Ribose hydroxyl group summary
We usually think of enzymes – the molecules that drive all the reactions in our cells – as being proteins, but many scientists believe that the earliest enzymes may have been made of RNA. RNA, which is similar to DNA (the information storage molecule of the cell), is responsible for protein synthesis, translating the information of the DNA code into the language of proteins, and chemically joining the amino acids together to make a protein. Proteins are produced in the ribosome, which is the largest enzyme in the cell. Although the ribosome is composed of both RNA and protein, it is thought that it is the RNA that is the enzyme. This RNA – that links the amino acids together – is almost identical in all living things, and for this reason is thought to constitute the oldest existing enzyme on the Earth.
RNA itself is made up of three different parts. A sugar called ribose connected by negatively–charged phosphate groups makes up the backbone of the RNA chain, while the information in RNA is carried in the sequence of nitrogen–containing ‘bases’ attached to this backbone. These bases are usually represented by the single letters A, C, G and U (similar to the A, C, G and T found in DNA). While a lot of RNA’s special properties are due to the precise ordering – or sequence – of these bases, the particular arrangement of the ribose hydroxyl groups endows RNA (and ribose itself) with a number of unique – and some pretty surprising – attributes:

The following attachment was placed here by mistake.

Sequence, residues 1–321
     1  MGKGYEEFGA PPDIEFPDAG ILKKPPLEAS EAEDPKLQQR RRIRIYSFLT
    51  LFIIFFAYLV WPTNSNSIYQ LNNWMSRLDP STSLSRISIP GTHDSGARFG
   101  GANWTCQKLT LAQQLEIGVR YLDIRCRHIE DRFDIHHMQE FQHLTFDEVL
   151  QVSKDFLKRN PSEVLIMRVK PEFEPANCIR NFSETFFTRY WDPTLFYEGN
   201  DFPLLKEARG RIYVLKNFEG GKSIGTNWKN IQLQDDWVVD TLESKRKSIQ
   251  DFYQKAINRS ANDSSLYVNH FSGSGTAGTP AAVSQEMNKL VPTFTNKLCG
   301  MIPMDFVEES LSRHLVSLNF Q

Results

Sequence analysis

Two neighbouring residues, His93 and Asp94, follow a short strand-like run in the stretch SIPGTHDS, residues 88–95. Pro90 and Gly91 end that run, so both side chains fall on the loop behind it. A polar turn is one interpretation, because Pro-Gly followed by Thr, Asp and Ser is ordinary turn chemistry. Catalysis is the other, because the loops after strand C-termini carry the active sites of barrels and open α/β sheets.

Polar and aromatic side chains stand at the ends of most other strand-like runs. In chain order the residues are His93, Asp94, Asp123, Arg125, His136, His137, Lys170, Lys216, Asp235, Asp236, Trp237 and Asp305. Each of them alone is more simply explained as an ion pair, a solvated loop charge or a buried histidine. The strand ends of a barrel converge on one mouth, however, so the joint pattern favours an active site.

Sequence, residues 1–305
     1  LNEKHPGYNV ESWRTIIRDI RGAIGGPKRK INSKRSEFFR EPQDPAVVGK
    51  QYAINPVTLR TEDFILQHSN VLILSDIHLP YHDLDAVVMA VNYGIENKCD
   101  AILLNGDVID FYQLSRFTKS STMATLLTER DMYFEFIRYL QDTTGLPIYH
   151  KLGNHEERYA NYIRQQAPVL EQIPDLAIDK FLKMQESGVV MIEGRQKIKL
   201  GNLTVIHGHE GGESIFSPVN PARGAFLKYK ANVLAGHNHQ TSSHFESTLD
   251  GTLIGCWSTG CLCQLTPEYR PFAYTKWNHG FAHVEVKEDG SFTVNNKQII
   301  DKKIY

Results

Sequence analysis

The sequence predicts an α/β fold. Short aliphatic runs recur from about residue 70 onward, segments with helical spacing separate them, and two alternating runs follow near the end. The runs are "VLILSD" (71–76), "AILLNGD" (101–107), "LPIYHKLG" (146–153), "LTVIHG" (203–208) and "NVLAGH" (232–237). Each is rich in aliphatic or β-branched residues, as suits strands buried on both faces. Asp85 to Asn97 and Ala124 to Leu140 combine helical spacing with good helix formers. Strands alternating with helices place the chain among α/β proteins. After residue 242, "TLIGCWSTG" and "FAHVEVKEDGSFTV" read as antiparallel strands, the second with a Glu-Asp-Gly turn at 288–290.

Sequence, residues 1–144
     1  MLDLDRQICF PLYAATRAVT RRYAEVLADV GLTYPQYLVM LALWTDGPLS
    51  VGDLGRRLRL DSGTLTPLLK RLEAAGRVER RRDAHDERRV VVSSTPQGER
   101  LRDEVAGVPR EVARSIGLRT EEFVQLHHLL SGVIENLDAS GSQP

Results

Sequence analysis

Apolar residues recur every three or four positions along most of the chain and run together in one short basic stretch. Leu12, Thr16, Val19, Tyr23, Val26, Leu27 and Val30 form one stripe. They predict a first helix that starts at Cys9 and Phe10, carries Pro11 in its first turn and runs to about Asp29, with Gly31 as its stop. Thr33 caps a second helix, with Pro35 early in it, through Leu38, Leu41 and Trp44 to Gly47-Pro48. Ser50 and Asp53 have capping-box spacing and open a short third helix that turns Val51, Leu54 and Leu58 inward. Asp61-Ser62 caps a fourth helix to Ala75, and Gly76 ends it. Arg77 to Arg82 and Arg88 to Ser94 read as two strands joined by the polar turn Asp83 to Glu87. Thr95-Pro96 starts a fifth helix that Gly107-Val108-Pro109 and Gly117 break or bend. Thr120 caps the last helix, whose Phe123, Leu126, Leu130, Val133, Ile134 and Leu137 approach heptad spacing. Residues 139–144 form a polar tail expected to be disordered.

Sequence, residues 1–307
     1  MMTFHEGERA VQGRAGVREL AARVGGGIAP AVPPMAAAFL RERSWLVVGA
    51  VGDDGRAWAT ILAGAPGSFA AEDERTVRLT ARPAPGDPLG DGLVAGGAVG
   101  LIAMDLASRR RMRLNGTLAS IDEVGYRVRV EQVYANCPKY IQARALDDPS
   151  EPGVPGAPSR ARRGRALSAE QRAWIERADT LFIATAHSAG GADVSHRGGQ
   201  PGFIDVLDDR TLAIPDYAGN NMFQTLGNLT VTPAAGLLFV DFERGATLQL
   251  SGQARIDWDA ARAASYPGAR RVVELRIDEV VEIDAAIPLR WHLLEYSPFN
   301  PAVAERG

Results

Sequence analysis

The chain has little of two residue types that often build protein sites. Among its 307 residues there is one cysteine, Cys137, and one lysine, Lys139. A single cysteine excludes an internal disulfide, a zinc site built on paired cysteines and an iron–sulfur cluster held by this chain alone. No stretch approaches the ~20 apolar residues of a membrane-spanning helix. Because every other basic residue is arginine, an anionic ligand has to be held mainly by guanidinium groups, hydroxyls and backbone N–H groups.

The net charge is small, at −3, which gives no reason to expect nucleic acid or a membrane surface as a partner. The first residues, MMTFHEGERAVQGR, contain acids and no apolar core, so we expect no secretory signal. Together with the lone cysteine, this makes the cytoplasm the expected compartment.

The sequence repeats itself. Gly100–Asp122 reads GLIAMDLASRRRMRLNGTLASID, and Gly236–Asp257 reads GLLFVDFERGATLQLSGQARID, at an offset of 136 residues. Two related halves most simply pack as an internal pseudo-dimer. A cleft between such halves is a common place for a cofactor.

- As part of RNA, ribose’s hydroxyl groups play a key role in the ability of RNA to catalyze reactions – in other words they help to make RNA a good enzyme.
- These same hydroxyl groups also play key roles in stabilizing the three dimensional structure of RNA enzymes, by forming stabilizing interactions known as ‘ribose zippers’ between ribose groups on different RNA chains.
- In the free ribose molecule, pairs of hydroxyl groups form chemical clamps to the element boron, which stabilizes the ribose molecule and stops it from being degraded. Salts containing boron are very water soluble, and such salts are thought to have been present on the early Earth.
- In a surprising discovery, it was found that ribose is able to cross the outer membrane of cell–like bodies ten times faster than other similar sugars, which again is thought to be due to the arrangement of its hydroxyl groups. This ability to zoom across membranes could have been important in pulling out ribose from a complex mixture – or goo – of sugars and other molecules that were present in the ‘primordial soup’. Unfortunately, ribose zooms out of the membranes just as quickly, and so the early cells would have needed to grab the ribose in some way to hold onto it. This could have been done by joining negatively–charged phosphate groups to ribose, as membranes effectively trap charged molecules, possibly the first step towards RNA’s ribose–phosphate backbone. The complex with borate is also negatively–charged, so reaction with borate might have been another way of trapping ribose inside a cell.
Although not discussed in my article, Greg Springsteen and Gerald Joyce have found that the small molecule cyanamide reacts rapidly and specifically with ribose through two of its hydroxyl groups (the same two that clamp onto boron) to produce a stable compound that crystallizes out of solution even at low concentrations. What is more, these crystals separate out the two mirror images of the ribose molecule, only one of which is used in RNA! No other sugar they tested crystallized out – only ribose!
Department of Biochemistry, University of Otago, Dunedin, New Zealand
The juxtaposition of ribose hydroxyl groups: the root of biological catalysis and the RNA world?
Orig Life Evol Biosph. 2015 Jun